My previous computer died on me so i decided to have a go at building my own which i want in preparation for Rome Total War 2 but also playing on other current games. Ive been looking at hardware for the past 2 weeks trying to decide what to choose here's what Ive got so far:
Motherboard - "Suggestions Please"
CPU - 3rd Generation Intel® Core™ i5 3570 3.40GHz Socket LGA1155
GPU - SAPPHIRE AMD Radeon HD 7850 1024MB GDDR5
Hard Drive - Seagate Barracuda 500GB 16MB Cache Hard Drive SATA 6GB/s 8.5ms 7200rpm – OEM
RAM - Crucial Ballistix Sport 8GB (2x4GB) DDR3 PC3-12800 C9 1600MHz Dual Channel Kit
Power supply - PowerStation Gaming 500W Silent ATX2 Modular Power Supply
DVD Drive - Samsung S222A 22x DVD+/-RW IDE Black - OEM
Case - Sharkoon T9 Value Gaming Case Black with Red LED Fans
Cooler - Arctic Freezer 7 Pro Rev 2 CPU Cooler - £17.99
This build costs around £550 without a motherboard, need general comments about it so far and any suggests for a motherboard under £90, any comments/suggestions would be appreciated.
Thanks a lot for the reply and advice, so if i don't intend to overclock it there is no need for a CPU cooler? Ive noticed you've changed the CPU in the NOT OVERCLOCKING part, is there any particular reason? just interested.
Are there any motherboards on the novatech website you would suggest? Just because there is one down the road from me.
Hi yes that's correct you don't need a aftermarket cpu cooler. If not overclocking because the stock one which comes with your cpu will work fine.As for motherboard i try i couldn't find any good on that site sorry.I changed the cpu to save you money you can switch it back if you prefer.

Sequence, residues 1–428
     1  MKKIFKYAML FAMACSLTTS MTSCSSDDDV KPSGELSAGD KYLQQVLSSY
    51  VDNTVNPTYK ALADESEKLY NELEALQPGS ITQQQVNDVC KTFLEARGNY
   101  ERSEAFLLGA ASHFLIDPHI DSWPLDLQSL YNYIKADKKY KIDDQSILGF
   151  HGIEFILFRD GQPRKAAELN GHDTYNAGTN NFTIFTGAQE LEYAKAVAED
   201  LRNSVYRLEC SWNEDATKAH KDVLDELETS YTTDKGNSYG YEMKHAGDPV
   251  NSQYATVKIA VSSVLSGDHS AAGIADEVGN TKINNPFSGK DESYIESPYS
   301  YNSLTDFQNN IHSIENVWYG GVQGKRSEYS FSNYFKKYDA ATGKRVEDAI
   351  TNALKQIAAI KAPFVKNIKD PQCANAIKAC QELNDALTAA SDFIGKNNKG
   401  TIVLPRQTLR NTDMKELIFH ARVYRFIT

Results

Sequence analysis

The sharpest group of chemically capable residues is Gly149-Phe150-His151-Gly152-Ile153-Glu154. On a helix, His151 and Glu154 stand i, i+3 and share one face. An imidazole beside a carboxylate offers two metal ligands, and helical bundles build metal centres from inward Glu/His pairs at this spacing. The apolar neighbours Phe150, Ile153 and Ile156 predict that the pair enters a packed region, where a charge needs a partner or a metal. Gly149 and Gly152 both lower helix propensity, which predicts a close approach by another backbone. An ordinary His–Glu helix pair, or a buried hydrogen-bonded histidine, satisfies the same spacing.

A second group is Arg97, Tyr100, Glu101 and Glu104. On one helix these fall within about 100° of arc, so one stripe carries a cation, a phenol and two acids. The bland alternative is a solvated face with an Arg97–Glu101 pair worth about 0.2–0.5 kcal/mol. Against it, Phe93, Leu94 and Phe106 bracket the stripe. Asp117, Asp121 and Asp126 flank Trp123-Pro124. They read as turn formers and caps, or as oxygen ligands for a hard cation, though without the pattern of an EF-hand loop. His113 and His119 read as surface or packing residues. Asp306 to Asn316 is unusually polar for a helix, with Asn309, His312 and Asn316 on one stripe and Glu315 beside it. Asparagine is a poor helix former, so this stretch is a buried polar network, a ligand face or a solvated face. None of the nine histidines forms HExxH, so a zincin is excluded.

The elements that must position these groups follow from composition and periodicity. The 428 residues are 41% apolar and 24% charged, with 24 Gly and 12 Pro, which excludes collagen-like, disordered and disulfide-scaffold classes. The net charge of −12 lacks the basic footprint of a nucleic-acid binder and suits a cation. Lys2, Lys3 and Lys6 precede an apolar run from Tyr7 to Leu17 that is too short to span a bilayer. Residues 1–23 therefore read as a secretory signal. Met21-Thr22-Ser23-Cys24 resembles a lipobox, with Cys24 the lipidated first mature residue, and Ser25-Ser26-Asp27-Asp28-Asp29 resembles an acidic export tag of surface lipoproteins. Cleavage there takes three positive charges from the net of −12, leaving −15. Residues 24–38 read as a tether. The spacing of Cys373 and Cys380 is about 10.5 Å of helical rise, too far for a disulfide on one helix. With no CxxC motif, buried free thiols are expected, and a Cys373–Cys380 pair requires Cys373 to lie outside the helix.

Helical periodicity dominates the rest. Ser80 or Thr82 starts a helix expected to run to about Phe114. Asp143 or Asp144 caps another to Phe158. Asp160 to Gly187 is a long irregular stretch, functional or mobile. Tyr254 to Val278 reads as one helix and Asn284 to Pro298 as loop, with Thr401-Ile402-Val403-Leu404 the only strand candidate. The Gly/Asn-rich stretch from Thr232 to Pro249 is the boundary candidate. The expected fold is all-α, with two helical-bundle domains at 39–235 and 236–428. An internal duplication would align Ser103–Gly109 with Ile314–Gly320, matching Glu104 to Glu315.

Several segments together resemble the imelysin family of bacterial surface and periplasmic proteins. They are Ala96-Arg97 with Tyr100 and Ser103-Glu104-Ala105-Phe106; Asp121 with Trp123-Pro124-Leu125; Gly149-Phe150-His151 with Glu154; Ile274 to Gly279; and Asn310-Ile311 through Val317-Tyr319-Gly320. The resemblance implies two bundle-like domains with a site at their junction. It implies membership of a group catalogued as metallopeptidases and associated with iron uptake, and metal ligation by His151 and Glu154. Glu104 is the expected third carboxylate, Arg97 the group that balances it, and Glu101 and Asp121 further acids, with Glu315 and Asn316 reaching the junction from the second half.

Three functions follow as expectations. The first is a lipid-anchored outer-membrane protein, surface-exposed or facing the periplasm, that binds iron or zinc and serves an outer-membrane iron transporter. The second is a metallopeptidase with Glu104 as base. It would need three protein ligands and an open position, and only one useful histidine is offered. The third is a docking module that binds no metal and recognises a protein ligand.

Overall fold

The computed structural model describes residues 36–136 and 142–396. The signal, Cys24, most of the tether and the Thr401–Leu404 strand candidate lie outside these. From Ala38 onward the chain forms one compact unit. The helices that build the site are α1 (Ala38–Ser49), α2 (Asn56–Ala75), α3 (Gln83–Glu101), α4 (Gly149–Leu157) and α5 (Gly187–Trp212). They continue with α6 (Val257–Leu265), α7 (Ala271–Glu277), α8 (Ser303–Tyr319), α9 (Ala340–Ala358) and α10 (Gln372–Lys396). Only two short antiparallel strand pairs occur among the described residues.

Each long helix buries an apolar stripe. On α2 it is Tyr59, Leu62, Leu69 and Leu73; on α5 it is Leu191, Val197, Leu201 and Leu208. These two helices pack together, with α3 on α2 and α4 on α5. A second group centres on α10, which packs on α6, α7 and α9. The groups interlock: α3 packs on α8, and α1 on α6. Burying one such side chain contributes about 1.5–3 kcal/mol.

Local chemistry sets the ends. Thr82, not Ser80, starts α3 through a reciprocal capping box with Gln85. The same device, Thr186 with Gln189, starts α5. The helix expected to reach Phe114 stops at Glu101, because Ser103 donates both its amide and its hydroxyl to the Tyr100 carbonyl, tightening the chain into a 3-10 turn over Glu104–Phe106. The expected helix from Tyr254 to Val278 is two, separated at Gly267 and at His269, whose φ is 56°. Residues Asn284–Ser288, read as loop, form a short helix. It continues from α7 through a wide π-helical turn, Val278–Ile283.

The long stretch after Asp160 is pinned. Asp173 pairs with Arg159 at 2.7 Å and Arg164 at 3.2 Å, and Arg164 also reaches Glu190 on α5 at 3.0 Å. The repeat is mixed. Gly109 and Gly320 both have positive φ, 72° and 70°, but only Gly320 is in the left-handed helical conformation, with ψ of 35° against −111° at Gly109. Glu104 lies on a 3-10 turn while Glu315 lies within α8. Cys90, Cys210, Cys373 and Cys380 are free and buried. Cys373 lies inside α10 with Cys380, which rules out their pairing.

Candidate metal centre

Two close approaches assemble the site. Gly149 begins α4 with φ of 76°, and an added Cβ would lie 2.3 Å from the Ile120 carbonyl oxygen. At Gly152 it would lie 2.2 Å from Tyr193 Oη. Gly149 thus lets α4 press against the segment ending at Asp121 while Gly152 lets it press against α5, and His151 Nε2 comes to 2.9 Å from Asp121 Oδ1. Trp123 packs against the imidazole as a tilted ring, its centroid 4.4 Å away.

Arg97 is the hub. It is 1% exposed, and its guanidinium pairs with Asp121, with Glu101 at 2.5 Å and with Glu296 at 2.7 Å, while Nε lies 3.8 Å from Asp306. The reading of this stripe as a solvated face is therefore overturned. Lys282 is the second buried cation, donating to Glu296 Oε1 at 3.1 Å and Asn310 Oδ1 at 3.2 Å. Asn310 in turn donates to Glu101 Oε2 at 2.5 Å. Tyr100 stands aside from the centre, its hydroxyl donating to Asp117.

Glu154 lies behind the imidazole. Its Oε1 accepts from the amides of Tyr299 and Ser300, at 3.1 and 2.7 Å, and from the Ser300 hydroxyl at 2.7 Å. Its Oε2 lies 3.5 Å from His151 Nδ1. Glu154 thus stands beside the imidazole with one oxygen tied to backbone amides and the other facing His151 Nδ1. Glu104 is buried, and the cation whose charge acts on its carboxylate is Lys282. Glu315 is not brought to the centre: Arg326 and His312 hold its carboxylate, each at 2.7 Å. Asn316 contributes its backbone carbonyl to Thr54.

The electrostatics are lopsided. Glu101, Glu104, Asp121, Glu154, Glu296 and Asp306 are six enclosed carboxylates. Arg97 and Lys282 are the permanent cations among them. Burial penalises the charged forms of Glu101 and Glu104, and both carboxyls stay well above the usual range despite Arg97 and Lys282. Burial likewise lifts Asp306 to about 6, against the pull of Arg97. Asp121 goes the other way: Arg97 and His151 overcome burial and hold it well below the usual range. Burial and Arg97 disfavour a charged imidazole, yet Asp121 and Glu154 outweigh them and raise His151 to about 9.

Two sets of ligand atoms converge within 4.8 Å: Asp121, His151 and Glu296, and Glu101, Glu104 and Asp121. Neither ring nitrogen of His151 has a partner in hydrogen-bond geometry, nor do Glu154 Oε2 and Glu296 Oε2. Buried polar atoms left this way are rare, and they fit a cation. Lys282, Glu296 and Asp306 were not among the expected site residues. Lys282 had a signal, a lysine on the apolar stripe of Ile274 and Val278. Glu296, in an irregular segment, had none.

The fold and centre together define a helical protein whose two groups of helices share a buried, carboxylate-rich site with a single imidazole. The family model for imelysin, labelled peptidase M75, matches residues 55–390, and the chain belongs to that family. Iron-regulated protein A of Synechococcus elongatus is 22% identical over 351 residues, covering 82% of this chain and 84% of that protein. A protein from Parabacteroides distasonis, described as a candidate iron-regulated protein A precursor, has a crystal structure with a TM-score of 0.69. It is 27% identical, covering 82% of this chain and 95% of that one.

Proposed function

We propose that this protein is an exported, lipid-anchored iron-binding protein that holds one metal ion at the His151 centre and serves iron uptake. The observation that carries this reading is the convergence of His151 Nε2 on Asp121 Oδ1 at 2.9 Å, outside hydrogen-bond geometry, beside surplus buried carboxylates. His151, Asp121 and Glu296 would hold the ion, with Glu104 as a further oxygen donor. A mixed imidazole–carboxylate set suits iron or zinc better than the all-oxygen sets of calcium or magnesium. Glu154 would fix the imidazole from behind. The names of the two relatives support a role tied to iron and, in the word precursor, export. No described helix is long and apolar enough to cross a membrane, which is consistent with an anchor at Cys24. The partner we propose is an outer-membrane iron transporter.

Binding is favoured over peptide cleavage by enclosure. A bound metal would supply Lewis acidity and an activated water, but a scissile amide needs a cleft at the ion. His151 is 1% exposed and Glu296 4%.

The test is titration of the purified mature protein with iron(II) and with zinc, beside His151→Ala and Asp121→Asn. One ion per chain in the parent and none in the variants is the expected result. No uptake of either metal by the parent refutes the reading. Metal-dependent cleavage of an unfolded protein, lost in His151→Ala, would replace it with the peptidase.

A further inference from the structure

Small-form factor motherboards, such as microATX and Mini-ITX boards can often be cheaper than full-feature ATX models with the same chipset. Meanwhile, compatible cases are not as expensive as you might think.
Using a smaller board inside a standard ATX case can also make for a simpler, cooler running and easier to manage setup. All of which just leaves the minor matters of performance and features. Surely there must be downsides to downsizing?
Perhaps, but the drawbacks may be less acute than you imagine. The big issue here is increased feature integration in the latest CPUs. Put simply, with more and more features from memory controllers to graphics cores being integrated into the CPU, motherboards are becoming gradually less critical to performance.
Every feature that moves onto the processor is one less component on the motherboard, freeing up space and reducing complexity and cost. In other words, squeezing a full feature set into smaller boards is only getting easier.
Of course, there are limits. Mini-ITX motherboards, in particular, tend to be thin on features and expansion options. Multi-card graphics solutions, for instance, are not an option. There are also question marks regarding outright performance and overclocking headroom.
Smaller motherboard dimensions give the manufacturer's engineers fewer options in terms of electrical layout and in turn current management and signal integrity. Ultimately, a full ATX board is always going to be the best option for any self-respecting extreme overclocking enthusiast and absolute performance nutcase.
For the record, the ATX standard officially measures 305mm by 244mm while the larger extended ATX or EATX form factor weighs in at 305mm by 330mm. The two most common SFF sizes are microATX and Mini-ITX. Standard MicroATX boards are 244mm by 244mm but can be as small as 171mm by 171mm.